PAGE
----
Nora Roberts --2 Irish Rose (1988) Chapter 1 Chapter 2 Chapter 3 Chapter 4 Chapter 5 Chapter 6 Chapter 7 Chapter 8 Chapter 9 Chapter 10 Chapter 11 Chapter 12
--2 Irish Rose (1988)--
Her name was Erin, like her country. And like her country, she was a maze ofcontradictions—rebellion and poetry, passion and moodiness. She was strong enough to fight forher beliefs, stubborn enough to fight on after a cause was lost, and generous enough to givewhatever she had. She was a woman with soft skin and a tough mind. She had sweet dreams andtowering ambitions.
Her name was Erin, Erin McKinnon, and she was nervous as a cat.
It was true that this was only the third time in her life she'd been in the airport at Cork. Orany airport, for that matter. Still, it wasn't the crowds or the noise that made her jumpy. Thefact was, she liked hearing the announcements of planes coming and going. She liked thinkingabout all the people going places.
London, New York, Paris. Through the thick glass she could watch the big sleek planes rise up,nose first, and imagine their destinations. Perhaps one day she'd board one herself andexperience that stomach-fluttering anticipation as the plane climbed up and up.
She shook her head. It wasn't a plane going up that had her nervous now, but one coming in. Andit was due any minute. Erin caught herself before she dragged a hand through her hair. Itwouldn't do a bit of good to be poking and pulling at herself. After thirty seconds more, sheshifted her bag from hand to hand, then tugged at her jacket. She didn't want to lookdisheveled or tense… or poor, she added as she ran a hand down her skirt to smooth it.
Thank God her mother was so clever with a needle. The deep blue of the skirt and matchingjacket was flattering to her pale complexion. The cut and style were perhaps a bit conservativefor Erin's taste, but the color did match her eyes. She wanted to look competent, capable, andhad even managed to tame her unruly hair into a tidy coil of dark red. The style made her lookolder, she thought. She hoped it made her look sophisticated, too.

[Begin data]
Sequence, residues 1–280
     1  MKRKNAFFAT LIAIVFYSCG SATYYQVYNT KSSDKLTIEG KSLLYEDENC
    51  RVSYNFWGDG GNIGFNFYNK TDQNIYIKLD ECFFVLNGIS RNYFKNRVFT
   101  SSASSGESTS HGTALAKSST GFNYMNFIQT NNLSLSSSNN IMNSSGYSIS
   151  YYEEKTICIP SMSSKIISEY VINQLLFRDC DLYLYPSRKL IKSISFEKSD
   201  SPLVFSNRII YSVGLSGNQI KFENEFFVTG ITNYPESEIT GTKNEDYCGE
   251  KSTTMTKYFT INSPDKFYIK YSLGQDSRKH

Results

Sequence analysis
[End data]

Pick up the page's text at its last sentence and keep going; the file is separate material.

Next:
She'd toned down the dusting of freckles and had deepened the color of her lips. Eye makeup hadbeen applied with a careful hand, and she wore Nanny's old and lovely gold crescents at herears.
The last thing she wanted was to look plain and dowdy. The poor relation. Even the echo of thephrase in her head caused her teeth to clench. Pity, even sympathy, were emotions she wantednone of. She was a McKinnon, and perhaps fortune hadn't smiled on her as it had her cousin, butshe was determined to make her own way.
Here they were, she thought, and had to swallow a ball of nerves in her throat. Erin watchedthe plane that had brought them from Curragh taxi toward the gate—the small, sleek planepeople of wealth and power could afford to charter. She could imagine what it would be like tosit inside, to drink champagne or nibble on something exotic. Imagination had always been hersin quantity. All she'd lacked was the means to make what she could imagine come true.
An elderly woman stepped off the plane first, leading a small girl by the hand. The woman hadcloud-white hair and a solid, sturdy build. Beside her, the little girl looked like a pixie,carrot-topped and compact. The moment they'd stepped to the ground, a boy of five or six leapedoff after them.
Even through the thick glass, Erin could all but hear the woman's scolding. She snatched hishand with her free one, and he flashed her a wicked grin. Erin felt immediate kinship. If she'dgauged the age right, that would be Brendon, Adelia's oldest. The girl who held the woman'shand and clutched a battered doll in the other would be Keeley, younger by a year or so.
The man came next, the man Erin recognized as Travis Grant. Her cousin's husband of sevenyears, owner of Thoroughbreds and master of Royal Meadows. He was tall and broad-shouldered and
was laughing down at his son, who waited impatiently on the tarmac. The smile was nice, shethought, the kind that made a woman look twice without being sure whether to relax or braceherself. Erin had met him once, briefly, when he'd brought his wife back to Ireland four yearsbefore. Quietly domineering, she'd thought then. The kind of man a woman could depend on, aslong as she could stand toe-to-toe with him.
On his hip he carried another child, a boy with hair as dark and thick as his father's. He wasgrinning, too, but not down at his brother and sister. His face was tilted up toward the skyfrom which he'd just come. Travis handed him down, then turned and held out a hand.
As Adelia stepped through the opening, the sun struck her hair with arrows of light. The richchestnut shone around her face and shoulders. She, too, was laughing. Even with the distance,Erin could see the glow. She was a small woman. When Travis caught her by the waist and liftedher to the ground, she didn't reach his shoulder. He kept his arm around her, Erin noticed, notso much possessive as protective of her and perhaps of the child that was growing inside her.
While Erin watched, Adelia tilted her face, touched a hand to her husband's cheek and kissedhim. Not like a long-time wife, Erin thought, but like a lover.
A little ripple of envy moved through her. Erin didn't try to avoid it. She never attempted toavoid any of her feelings, but let them come, let them race to the limit, whatever theconsequences.
And why shouldn't she envy Dee? Erin asked herself. Adelia Cunnane, the little orphan fromSkibbereen, had not only pulled herself up by the bootstraps but had tugged hard enough to landon top of the pile. More power to her, Erin thought. She intended to do the same herself.
Erin squared her shoulders and started to step forward as another figure emerged from theplane. Another servant, she thought, then took a long, thorough look. No, this man would serveno one.